In her first book of poetry since Why Don't You Sing? Maya Angelou, bestselling author of the classic autobiography I Know Why The Caged Bird Sings, writes with lyric, passionate intensity that reaches out to touch the heart and mind.
This memorable collection of poems exhibits Maya Angelou's unique gift for capturing the triumph and pain of being black and every man and woman's struggle to be free. Filled with bittersweet intimacies and ferocious courage, these poems are gems—many-faceted, bright with wisdom, radiant with life.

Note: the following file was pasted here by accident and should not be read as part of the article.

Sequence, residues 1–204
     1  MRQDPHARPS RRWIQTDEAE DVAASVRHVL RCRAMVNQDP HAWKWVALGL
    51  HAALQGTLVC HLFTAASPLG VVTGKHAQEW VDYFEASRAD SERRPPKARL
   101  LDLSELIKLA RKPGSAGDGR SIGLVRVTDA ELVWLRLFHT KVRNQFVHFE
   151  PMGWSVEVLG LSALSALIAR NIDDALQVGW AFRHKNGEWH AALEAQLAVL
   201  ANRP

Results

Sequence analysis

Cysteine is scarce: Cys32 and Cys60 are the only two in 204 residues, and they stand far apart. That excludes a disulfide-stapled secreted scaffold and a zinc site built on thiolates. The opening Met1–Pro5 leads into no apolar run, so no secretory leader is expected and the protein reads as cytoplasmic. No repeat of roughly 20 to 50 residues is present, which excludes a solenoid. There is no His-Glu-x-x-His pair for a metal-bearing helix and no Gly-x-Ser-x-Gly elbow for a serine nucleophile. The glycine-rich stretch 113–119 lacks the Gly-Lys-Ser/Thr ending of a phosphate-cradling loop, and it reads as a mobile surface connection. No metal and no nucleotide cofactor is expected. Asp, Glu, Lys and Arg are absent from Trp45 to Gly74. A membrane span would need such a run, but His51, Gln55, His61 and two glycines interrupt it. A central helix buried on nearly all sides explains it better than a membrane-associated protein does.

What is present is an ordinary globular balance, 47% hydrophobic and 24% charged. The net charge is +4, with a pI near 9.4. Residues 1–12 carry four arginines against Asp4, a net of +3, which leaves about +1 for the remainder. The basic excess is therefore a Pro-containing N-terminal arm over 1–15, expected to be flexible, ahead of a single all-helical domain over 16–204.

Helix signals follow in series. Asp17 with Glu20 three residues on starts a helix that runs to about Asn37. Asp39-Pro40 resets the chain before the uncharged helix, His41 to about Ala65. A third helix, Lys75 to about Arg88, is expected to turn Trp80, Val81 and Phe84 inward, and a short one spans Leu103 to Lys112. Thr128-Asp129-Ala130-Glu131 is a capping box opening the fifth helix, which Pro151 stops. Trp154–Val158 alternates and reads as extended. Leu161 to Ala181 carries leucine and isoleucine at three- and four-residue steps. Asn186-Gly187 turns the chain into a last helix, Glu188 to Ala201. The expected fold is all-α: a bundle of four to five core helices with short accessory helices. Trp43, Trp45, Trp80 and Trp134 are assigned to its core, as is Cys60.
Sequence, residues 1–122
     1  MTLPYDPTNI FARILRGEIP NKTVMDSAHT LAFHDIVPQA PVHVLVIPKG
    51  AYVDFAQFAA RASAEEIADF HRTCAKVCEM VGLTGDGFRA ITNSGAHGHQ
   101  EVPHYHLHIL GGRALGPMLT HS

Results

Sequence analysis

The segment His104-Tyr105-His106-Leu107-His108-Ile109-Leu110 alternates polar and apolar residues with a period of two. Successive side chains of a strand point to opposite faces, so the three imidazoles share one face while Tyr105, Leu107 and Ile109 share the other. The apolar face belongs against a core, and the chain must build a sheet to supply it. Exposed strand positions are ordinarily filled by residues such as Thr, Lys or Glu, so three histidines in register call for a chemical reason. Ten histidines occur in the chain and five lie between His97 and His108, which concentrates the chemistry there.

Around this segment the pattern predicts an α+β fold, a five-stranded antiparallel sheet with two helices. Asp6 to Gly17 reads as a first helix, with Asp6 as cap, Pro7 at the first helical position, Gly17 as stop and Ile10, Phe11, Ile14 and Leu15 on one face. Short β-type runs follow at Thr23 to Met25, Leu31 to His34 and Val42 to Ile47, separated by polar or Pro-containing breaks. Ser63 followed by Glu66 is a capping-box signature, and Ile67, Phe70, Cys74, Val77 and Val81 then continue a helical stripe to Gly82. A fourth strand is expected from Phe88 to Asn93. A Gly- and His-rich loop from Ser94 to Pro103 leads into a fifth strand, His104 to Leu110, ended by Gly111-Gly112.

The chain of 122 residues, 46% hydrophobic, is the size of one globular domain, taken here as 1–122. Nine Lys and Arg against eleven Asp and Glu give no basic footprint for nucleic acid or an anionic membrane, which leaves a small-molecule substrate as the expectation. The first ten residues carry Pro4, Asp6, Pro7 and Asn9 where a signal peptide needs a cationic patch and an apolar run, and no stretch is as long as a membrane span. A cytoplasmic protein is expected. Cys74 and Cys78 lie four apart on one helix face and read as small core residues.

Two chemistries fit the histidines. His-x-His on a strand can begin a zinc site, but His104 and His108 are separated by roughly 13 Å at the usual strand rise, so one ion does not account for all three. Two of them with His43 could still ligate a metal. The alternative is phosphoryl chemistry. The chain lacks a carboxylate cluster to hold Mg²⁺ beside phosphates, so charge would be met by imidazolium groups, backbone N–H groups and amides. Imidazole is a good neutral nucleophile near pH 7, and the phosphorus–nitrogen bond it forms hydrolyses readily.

Angelou's poems embrace opposite poles: the laughter of old folks who ``generously forgive life for happening to them,'' and the ``helpless hope'' on the faces of starving children. Though she can be directly political, as in a stinging letter to ``These Yet to Be United States,'' more often, a political dimension emerges naturally from ordinary lives observed with keen irony (``Even minimal people can't survive on minimal wage''). Angelou's themes include loss of love and youth, human oneness in diversity, the strength of blacks in the face of racism and adversity. The book's title is also the refrain of ``Our Grandmothers,'' a moving history poem about the struggles of black women. Some of these lyrics are free-form, while others use conventional rhyme and meter to good effect. Angelou ( I Know Why the Caged Bird Sings ) writes with poise and grace. Author tour.